Involved in these appeals are "spin-offs" consisting of post-sentencing motions to vacate the judgments and sentences and to grant defendant the right to withdraw his pleas of guilty and to enter not-guilty pleas to two misdemeanor charges. The arraignment-sentence hearing was not reported, and the approved transcript of that proceeding, arrived at after probing "murky memories," is silent as to whether defendant intelligently and voluntarily entered his guilty pleas. From all that appears in this transcript, there was no conversation at all between the court and the defendant. Furthermore, it is readily apparent that defendant has never been allowed to testify on his motions to withdraw the guilty pleas. We thus not only have an inadequate record as to the arraignment-sentence hearing, held to be constitutionally infirm in Boykin v. Alabama, supra, but, as well, non-existent or inadequate records in regard to hearings on defendant's various motions.
Where the record is silent on the matter, there can arise no presumption either that the requirement of ascertaining whether the pleas were being intelligently and voluntarily entered was met before accepting them, or that there was any waiver by the defendant that it be done and that he be informed as to the consequences of entering the pleas. Carnley v. Cochran, 369 U. S. 506, 516 (82 SC 884, 8 LE2d 70); Brookhart v. Janis, 384 U. S. 1 (86 SC 1245, 16 LE2d 314); Boykin v. Alabama, 395 U. S. 238, supra. Just as in passing upon a motion for continuance the judge's discretion "must be within the law, and must spring out of, and be bounded by what transpires in the case. It cannot be justified upon what the court, as a man, may or may not know." Fox v. State, 9 Ga. 373
, 376. The basis for accepting the pleas and for denying the motions to withdraw them must appear in the record. Cf. Frost v. State, 91 Ga. App. 618 (86 SE2d 646)
We are not unmindful that the offenses to which the defendant entered pleas of guilty were misdemeanors, and that there are decisions from courts of other states in which it has been held that in this type of case it will be presumed, where the defendant is represented by counsel, that the plea of guilty was entered voluntarily, and the making of a record for demonstrating it is not required. See Annot. 97 ALR2d 549, 561. However, our attention has not been called to any decision of the courts of this State wherein this distinction based upon the grade of the offense has been made. These decisions antedate those in Boykin v. Alabama, supra, and McCarthy v. United States, supra, and it must be noted, too, that the Supreme Court of the United States has used the "petty offense" test in determining whether, under the Constitution, one is entitled to a jury trial, and has defined a petty offense to be one for which the punishment prescribed by the applicable statute is not greater than six months of confinement. Duncan v. Louisiana, 391 U. S. 145 (88 SC 1444, 20 LE2d 491); Williams v. Florida, 399 U. S. 78 (90 SC 1893, 26 LE2d 446); Baldwin v. New York, 399 U. S. 66 (90 SC 1886, 26 LE2d 437). We believe that this test is appropriate for application under the Boykin rule. The defendant here received a sentence of 12 months in the public works camp on each of the accusations to which he entered pleas of guilty. Cf. Cummings v. Perry, 194 Ga. 424 (21 SE2d 847).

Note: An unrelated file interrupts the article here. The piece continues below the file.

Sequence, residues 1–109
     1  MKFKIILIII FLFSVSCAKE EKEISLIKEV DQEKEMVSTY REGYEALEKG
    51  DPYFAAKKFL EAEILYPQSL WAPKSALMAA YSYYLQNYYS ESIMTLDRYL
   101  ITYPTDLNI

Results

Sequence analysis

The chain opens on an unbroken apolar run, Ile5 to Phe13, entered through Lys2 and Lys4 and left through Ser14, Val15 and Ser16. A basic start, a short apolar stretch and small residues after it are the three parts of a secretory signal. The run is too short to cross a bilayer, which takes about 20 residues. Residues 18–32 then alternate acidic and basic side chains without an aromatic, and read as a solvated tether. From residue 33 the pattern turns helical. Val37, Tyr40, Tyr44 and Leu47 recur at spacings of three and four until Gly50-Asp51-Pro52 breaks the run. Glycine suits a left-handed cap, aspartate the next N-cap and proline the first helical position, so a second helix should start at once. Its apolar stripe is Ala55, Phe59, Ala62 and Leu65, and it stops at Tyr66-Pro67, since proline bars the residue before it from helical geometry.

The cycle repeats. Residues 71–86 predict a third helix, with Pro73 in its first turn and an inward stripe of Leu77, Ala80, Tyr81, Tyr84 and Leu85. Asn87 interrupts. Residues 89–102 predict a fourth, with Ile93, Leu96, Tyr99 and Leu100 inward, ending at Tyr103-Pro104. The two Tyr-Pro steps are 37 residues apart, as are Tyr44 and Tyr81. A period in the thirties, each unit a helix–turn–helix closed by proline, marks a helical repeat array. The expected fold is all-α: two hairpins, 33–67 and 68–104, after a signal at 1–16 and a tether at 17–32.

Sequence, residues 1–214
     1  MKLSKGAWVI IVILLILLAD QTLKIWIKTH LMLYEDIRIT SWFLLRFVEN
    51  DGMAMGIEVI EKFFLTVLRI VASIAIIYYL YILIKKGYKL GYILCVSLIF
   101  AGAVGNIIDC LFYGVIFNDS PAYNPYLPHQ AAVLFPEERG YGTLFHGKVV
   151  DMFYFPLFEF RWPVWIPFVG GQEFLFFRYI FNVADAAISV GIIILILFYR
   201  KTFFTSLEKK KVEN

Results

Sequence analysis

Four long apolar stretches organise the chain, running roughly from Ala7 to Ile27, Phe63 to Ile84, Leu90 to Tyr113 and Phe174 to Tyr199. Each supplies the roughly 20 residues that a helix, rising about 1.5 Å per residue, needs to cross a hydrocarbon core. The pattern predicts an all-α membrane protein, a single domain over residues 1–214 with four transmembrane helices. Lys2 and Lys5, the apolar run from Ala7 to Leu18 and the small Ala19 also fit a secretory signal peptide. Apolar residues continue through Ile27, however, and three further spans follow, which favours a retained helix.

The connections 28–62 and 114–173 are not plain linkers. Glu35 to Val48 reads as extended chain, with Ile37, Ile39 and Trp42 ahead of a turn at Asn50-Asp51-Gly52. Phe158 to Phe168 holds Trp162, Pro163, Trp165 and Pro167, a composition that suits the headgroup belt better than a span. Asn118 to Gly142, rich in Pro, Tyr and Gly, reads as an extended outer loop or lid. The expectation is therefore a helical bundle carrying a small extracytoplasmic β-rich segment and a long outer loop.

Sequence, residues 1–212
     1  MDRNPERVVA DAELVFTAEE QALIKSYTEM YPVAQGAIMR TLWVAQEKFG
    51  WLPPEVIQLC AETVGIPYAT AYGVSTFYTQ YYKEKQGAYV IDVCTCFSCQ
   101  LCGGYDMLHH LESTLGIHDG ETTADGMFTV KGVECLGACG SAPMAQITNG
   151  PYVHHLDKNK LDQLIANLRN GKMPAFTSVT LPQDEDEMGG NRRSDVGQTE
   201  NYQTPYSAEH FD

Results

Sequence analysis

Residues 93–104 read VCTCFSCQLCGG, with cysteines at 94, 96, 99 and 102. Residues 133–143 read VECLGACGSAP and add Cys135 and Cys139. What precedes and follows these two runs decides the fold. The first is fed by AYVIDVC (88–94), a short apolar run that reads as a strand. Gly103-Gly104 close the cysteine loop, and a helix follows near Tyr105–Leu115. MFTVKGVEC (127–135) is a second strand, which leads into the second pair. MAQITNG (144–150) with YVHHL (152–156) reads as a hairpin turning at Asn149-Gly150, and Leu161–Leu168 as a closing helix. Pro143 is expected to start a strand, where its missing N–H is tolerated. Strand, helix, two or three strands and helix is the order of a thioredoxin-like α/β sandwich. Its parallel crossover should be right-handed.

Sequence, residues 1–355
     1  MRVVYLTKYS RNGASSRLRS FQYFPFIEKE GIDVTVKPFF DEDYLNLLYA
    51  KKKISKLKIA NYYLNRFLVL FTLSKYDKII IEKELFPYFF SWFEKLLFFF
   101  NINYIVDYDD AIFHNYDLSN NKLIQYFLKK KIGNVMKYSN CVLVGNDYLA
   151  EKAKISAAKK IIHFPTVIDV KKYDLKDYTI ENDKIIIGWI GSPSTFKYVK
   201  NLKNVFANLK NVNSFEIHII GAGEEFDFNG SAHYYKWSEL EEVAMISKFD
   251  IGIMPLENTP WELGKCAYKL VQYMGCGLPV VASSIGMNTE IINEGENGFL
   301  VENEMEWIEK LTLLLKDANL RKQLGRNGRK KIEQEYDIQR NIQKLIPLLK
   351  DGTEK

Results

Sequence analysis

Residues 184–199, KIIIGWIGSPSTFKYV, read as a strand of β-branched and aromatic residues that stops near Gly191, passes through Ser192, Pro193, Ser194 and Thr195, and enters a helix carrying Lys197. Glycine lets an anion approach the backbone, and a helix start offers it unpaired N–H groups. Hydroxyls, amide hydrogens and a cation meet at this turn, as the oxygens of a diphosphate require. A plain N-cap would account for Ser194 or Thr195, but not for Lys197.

Under the authority of Boykin v. Alabama, 395 U. S. 238, supra, the judgments and sentences on the pleas of guilty to accusations Number 1220 and 1222, attacked by the motions to vacate them and allow withdrawal of the guilty pleas, raising an issue as to whether the pleas were intelligently and voluntarily entered, must be reversed because they were accepted by the trial court without an affirmative showing in the record that they were entered voluntarily and understandingly.
JORDAN, Presiding Judge, concurring specially.